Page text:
“I have had the privilege of visiting their garden many times and it has evolved to be more and more stunning each season.  They both have a serious appreciation of nature and a talent on how to integrate stone, garden art, and water features into a landscape.  Debbie’s knowledge of plants, and how to weave their colors together, is amazing,” Brown says. “The flow between their indoor and outdoor spaces feels seamless, and that’s how they live.  It’s easy to imagine yourself pulling up a chair and wanting to stay awhile.”

It should come as no surprise that the Phillips home has been featured before in other forms of media. In 2012, it was a popular stop on the Azalea Festival Garden tour. “There were thousands of people who came through and all of them enjoyed and appreciated a beautiful garden.” Debbie said. “Seeing their delight walking around our home made up for the challenges in getting everything ready,” she says with a laugh. The home has also appeared on a PBS television show some years ago.

As we stood next to the stone fireplace in the backyard looking out at the first hole of the Nicklaus golf course, we discussed how the grounds go beyond gardening and landscape. It is true to say what the Phillips have made around their home is art.

 The grounds and garden taken as a whole play on realms of artistic thought. There is symmetry to how each garden “room” works within the broader surroundings of the overall property to create a mix of pleasure and an almost intense intellectual curiosity when you try to think about how the Phillips accomplished such a magical and inviting space. When you add that there are intentional areas that Debbie has left wild, there is an even deeper sense of symmetry between the landscape and what would otherwise appear to be untouched nature. For this reason, the property has been designated a Certified Wildlife Habitat by the National Wildlife Federation.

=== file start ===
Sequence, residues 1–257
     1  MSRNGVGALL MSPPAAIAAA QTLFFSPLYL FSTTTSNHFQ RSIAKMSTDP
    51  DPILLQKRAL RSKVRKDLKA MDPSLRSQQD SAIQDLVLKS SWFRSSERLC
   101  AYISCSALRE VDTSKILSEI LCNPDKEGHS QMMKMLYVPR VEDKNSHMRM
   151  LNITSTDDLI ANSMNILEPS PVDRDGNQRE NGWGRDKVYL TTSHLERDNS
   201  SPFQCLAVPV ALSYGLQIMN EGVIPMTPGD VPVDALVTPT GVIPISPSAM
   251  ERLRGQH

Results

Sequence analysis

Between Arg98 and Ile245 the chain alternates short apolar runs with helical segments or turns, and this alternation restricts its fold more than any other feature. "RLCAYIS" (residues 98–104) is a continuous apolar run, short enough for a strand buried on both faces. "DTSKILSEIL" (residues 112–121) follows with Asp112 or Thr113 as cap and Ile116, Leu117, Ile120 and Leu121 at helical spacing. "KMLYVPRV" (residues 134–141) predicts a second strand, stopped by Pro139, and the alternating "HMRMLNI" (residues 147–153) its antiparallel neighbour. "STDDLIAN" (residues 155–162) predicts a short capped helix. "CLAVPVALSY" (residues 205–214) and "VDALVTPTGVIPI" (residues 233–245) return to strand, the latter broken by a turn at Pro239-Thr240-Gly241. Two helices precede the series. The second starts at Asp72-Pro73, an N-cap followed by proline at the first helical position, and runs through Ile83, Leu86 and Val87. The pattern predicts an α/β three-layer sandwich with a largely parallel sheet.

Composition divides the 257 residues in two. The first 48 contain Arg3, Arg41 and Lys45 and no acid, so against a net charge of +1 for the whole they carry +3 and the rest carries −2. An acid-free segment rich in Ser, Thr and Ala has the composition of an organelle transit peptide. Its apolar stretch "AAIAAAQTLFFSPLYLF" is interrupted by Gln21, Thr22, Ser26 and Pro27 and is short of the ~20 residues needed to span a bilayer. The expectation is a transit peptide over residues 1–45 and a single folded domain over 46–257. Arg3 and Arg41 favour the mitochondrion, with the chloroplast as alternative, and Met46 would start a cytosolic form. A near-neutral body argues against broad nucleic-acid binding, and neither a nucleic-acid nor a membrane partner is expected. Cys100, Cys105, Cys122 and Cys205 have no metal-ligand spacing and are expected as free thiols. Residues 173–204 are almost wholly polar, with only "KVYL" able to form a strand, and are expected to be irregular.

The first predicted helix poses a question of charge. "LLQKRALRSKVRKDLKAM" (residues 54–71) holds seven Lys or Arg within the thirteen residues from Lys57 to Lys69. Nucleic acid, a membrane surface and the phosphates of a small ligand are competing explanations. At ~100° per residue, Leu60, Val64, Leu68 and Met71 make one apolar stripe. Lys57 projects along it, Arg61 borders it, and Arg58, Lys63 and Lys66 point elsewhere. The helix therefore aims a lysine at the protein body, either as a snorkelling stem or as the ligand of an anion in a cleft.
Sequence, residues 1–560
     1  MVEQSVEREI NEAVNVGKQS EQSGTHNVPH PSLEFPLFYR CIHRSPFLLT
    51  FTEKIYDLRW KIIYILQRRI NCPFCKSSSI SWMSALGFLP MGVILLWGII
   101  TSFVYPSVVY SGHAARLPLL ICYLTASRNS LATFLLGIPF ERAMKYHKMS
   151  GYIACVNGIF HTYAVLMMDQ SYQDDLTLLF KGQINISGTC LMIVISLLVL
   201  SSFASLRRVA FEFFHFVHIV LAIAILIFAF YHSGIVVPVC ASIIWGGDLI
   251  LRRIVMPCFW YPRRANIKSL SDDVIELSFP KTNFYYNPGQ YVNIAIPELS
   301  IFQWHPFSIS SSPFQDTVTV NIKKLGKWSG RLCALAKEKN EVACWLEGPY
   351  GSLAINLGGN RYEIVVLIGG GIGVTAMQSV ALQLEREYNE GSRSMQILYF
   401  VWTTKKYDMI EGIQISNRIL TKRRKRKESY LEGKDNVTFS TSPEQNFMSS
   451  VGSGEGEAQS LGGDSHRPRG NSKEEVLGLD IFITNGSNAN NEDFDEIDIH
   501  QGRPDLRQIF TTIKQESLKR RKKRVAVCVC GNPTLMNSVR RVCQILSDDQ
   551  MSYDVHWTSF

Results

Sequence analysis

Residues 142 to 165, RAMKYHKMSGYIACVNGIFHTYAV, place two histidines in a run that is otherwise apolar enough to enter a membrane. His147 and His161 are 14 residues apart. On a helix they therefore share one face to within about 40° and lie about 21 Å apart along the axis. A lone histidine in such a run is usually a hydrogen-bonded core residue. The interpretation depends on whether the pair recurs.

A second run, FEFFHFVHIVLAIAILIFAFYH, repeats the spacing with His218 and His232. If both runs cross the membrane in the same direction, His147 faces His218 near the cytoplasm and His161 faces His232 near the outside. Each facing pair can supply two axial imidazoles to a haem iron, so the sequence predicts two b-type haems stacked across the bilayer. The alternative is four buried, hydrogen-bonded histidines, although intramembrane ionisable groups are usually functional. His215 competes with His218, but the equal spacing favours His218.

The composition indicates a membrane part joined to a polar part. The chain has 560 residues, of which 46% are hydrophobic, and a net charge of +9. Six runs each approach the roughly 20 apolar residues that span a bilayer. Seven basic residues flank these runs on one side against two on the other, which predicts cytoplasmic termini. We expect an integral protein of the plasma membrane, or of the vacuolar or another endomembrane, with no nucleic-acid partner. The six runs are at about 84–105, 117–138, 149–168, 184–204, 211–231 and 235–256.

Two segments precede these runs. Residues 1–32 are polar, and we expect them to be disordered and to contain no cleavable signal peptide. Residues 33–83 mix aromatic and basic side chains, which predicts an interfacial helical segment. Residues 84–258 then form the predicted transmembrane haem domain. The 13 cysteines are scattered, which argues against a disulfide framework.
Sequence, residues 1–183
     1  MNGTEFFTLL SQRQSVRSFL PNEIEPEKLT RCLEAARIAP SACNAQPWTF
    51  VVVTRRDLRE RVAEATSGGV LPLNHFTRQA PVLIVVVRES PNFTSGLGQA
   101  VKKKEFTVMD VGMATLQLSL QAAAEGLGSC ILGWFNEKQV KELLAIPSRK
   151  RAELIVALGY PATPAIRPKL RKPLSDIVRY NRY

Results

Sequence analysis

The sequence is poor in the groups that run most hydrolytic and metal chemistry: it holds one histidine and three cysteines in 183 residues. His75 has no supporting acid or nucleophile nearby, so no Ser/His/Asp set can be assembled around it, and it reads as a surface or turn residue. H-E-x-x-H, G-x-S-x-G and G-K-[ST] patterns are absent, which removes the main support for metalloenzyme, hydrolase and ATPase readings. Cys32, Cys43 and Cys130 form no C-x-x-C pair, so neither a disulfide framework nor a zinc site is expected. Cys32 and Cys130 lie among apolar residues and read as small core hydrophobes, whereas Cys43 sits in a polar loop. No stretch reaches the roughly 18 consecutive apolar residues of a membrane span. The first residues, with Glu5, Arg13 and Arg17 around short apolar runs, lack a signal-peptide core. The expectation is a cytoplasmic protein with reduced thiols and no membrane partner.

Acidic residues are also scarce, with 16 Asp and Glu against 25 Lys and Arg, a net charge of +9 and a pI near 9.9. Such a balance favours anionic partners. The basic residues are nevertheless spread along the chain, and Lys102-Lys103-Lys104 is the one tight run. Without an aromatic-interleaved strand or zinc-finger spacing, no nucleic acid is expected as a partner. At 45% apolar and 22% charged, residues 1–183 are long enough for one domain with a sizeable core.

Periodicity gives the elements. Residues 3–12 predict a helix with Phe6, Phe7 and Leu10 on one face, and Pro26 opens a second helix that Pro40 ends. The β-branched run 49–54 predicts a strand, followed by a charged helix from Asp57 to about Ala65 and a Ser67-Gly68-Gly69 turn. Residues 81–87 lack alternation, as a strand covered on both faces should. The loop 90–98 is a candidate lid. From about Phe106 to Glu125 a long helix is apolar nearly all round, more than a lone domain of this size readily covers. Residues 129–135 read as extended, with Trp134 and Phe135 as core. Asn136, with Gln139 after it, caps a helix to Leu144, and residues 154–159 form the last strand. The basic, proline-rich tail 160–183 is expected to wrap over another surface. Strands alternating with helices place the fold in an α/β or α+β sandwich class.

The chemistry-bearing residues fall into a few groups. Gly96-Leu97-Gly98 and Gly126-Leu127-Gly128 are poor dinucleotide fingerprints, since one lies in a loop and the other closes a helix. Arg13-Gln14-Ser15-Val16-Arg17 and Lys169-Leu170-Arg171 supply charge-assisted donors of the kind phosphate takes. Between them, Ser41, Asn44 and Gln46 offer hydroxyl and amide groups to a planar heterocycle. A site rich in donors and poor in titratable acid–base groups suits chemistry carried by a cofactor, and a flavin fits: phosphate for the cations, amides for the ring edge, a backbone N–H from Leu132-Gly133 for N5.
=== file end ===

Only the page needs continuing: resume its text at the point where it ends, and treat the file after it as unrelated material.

This landscape design all comes together to compliment the home itself, which incorporates the elements of a 300 year-old ancestral family “petit chateau” and farmhouse in the Burgundy region of France. That chateau and farmhouse, which are still in use, were built with stucco and stone. This home, called “Le Bourget” (meaning a small village), was the home of Hank’s ancestors, and supplied the inspiration to build a French Country home with a central interior courtyard. 

Built by J.E. Evans Construction, every architectural and interior detail, including the 28 arched walls, an immaculate French inspired kitchen with a large limestone hood, custom cream colored cabinets with worm holes to give them an old world rustic charm, is in light of the French countryside. Like the great room, the master bedroom boasts extraordinary exposed beams. The bedroom also has a turret acting as a hallway to the master bath, and allows sun and moonlight to pass through the turret windows that bring a sense of warmness to the space. 

“We started in 2006 and we’ve been developing the property ever since,” Hank says. “It’s a space where we can live joyfully in the present and the past,” he says harkening back to Proust, who wrote, “An hour is not merely an hour… it is a vase full of scents and sounds, and projects and climates.”  


Stone Garden, 910-452-1619,

J.E. Evans Construction, 910-790-9247,